Tuesday, 15 January 2013
7 Keys to Preparing Your Business For Sale
Take these steps to successfully entice prospective buyers and increase the likelihood of a successful transaction
As they begin a new year, many business owners are considering how to prepare their business for sale. For some, this simply means sprucing up their operations with cosmetic improvements. For others, the following steps are necessary to ensure the goal of selling one’s business can be fulfilled.
Determine if now is the right time to sell. A business valuation involves many variables (and many of them are subjective) that often means various “experts” looking at the same company can formulate different recommendations. However, many small and medium-sized companies are sold for prices expressed as a multiple of cash flow or earnings. Each industry has a “rule of thumb” and an expected multiple that buyers will pay. If the business’s current financial picture doesn’t match your expectations, one or the other has to be adjusted.
Know your reason for selling. This is one of the first questions a buyer will ask, so you need to be able to articulate your motivation. Your answer needs to be honest and, ideally, shouldn’t express any urgency. Buyers would expect to hear things like retirement, moving out of town or pursuing other non-related business interests. Red flags are raised if the answer seems ambiguous and unsure. This is why it’s better to sell when times are good rather than waiting to burnout when they aren’t.
Get your books in order. Prospective buyers will want to see at least three years of financial statements, including balance sheets and income statements. You will need to be able to document your business’s true profitability by identifying nonoperational expenses (e.g. personal auto lease and medical fees). Sellers need to quantify and substantiate these items because, at the end of the day, buyers purchasing a business are really buying into its profitability.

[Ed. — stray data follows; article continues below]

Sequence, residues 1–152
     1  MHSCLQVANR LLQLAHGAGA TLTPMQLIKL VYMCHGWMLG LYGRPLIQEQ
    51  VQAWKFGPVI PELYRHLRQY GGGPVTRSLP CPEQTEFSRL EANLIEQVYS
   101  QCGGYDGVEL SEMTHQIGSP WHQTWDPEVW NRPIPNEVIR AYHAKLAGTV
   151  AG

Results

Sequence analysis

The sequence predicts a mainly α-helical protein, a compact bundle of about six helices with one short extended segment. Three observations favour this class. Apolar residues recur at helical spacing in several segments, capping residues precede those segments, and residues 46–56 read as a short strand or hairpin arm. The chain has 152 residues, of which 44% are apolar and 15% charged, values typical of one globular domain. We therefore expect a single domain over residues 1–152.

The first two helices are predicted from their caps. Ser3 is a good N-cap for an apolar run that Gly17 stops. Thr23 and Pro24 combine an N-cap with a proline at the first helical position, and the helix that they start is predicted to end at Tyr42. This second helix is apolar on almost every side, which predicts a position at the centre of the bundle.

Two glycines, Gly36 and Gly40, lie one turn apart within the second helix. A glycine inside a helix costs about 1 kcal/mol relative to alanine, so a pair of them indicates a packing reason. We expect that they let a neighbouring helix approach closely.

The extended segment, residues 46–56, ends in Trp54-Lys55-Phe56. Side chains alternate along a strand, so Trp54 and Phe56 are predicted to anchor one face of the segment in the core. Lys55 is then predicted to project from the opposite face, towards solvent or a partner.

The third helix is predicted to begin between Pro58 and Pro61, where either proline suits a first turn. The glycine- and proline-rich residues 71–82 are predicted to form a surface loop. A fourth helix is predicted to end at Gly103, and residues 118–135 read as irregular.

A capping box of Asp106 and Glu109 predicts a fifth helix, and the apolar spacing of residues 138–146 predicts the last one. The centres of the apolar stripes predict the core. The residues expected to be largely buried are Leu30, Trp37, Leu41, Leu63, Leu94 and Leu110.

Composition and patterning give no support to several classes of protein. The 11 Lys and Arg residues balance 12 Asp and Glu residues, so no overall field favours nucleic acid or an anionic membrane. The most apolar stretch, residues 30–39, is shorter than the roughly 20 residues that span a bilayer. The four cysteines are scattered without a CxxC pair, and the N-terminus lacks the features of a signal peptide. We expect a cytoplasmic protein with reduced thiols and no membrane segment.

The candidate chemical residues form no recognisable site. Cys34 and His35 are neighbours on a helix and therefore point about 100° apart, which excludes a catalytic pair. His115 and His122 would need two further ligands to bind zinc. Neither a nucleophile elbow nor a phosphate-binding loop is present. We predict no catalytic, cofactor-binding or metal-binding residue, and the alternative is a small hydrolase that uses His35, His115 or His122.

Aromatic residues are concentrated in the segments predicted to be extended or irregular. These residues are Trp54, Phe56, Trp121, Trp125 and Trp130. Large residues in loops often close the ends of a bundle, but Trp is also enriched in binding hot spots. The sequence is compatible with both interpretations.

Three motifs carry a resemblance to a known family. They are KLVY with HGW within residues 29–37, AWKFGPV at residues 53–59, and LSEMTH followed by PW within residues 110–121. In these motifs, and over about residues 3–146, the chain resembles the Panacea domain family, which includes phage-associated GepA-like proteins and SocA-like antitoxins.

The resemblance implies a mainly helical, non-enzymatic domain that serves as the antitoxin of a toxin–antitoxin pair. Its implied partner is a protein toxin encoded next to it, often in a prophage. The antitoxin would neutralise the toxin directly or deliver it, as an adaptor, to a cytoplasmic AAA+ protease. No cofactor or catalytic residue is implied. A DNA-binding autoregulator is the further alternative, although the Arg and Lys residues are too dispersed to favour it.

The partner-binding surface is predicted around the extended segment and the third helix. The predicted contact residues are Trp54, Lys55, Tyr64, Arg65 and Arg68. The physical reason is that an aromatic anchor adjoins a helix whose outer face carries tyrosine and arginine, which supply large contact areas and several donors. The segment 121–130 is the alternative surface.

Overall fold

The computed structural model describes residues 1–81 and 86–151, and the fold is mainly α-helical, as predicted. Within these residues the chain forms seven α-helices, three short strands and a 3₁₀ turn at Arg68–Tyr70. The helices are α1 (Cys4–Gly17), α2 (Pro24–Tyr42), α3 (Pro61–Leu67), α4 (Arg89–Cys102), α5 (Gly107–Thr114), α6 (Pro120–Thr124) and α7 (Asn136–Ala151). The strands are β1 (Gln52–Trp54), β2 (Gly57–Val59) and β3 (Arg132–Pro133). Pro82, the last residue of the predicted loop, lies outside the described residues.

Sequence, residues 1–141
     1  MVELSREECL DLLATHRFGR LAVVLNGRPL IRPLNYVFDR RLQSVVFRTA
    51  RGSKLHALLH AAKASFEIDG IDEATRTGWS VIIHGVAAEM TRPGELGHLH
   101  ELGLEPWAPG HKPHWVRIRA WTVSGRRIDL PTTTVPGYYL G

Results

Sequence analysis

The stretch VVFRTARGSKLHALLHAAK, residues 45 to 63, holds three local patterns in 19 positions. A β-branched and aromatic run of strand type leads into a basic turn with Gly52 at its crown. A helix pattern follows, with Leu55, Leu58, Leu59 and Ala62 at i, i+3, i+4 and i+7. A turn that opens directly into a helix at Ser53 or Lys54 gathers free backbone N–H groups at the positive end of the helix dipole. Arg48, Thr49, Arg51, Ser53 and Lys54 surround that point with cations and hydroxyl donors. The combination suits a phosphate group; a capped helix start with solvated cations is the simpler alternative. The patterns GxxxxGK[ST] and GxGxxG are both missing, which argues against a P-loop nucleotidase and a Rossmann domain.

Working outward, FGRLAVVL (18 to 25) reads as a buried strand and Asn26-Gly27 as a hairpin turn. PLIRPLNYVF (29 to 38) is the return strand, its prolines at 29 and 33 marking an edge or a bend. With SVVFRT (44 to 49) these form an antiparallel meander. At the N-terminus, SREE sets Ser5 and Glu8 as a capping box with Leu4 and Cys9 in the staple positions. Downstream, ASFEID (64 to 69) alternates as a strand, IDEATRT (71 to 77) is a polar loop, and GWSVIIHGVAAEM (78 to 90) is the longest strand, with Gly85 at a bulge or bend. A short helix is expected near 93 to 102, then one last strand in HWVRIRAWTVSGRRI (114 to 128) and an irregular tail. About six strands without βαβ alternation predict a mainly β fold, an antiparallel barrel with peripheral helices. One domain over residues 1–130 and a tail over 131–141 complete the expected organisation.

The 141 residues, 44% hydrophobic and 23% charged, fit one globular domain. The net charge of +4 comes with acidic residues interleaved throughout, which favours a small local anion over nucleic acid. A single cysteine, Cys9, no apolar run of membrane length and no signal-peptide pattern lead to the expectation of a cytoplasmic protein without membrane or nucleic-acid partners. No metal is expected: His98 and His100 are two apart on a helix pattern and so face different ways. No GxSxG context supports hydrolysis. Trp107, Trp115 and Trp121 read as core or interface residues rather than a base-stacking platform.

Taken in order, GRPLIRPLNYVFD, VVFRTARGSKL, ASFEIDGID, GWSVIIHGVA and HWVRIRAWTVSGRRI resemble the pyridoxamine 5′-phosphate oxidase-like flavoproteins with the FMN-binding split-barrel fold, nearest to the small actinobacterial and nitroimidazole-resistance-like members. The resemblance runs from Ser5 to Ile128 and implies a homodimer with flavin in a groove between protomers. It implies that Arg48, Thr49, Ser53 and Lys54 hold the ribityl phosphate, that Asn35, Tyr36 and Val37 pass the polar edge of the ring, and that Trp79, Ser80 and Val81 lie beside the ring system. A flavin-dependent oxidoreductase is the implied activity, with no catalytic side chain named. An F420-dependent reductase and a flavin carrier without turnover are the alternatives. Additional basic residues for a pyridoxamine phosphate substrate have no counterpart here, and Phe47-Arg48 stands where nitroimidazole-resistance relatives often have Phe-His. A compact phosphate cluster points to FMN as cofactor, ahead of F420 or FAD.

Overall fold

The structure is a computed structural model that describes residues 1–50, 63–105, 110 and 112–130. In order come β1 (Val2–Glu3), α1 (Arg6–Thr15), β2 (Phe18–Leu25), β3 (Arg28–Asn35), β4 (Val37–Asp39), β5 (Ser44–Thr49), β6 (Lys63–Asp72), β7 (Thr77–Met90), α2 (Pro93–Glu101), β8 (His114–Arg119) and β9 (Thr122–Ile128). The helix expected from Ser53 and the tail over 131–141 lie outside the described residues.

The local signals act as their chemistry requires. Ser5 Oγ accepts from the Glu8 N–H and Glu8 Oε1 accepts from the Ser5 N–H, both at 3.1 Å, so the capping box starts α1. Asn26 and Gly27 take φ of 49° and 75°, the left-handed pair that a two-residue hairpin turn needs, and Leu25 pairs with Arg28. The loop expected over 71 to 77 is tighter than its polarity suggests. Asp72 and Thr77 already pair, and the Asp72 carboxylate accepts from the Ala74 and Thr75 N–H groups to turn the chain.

Make sure all legal commitments are in order. This means reviewing your permits, leases, client and vendor contracts, etc. and understanding their impact on the business. For example, if the business location is key to its performance, a long-term lease with options at or below fair market value would be appealing to a buyer. If client contracts, particularly large key clients, are coming due for renewal, buyers would find this less appealing as the risk of a non-renewal is much greater immediately following a transfer of ownership.
Don’t be a business owner who does it all. Some businesses can’t survive without the owners trying to do everything themselves. And they have no key employees to help manage the operations. Buyers for businesses like these may be concerned if they themselves can’t replace the skills and experience of the owner. If you are absolutely vital to the business, efforts should be made to gradually delegate key responsibilities to various staff members. A business that is excessively dependent on the current owner increases the risk in the eyes of a prospective buyer.
Put yourself in the buyer’s shoes. When a buyer comes out to see your business for the first time, it’s important to make a good first impression. Spotless office spaces, clean machinery, orderly desks, pleasant and smiling staff and vibrant activity are ways to leave a positive impression. Buyers look for companies that show well because this can often be indicative of an orderly run business.
Integrity is important. The common thread running through all of these steps is credibility. If you want buyers to move forward, you must show respect by being open, honest and accurate about all things, both good and bad. This starts with the information that is shared to summarize your business, but is imperative with all documentation and dialogue exchanged and will be critical in due diligence through closing to ensure the transfer stays on track.
Although preparation might seem time-consuming, many owners find that taking the above steps not only improves their management practices, it can improve the desirability and value of their business as well. Plus, when a buyer makes an accepted offer, the aforementioned preparation can help the deal close quicker.
Do you have a small business question you would like answered about this article or others?
Bill Sivell is a Business Broker with VR Windsor Inc., which sells businesses to buyers across Canada and around the world. His 14-year career includes diverse senior management positions in marketing, advertising, sales management and operations management. He blogs about selling businesses at Maxbizvalue.blogspot.ca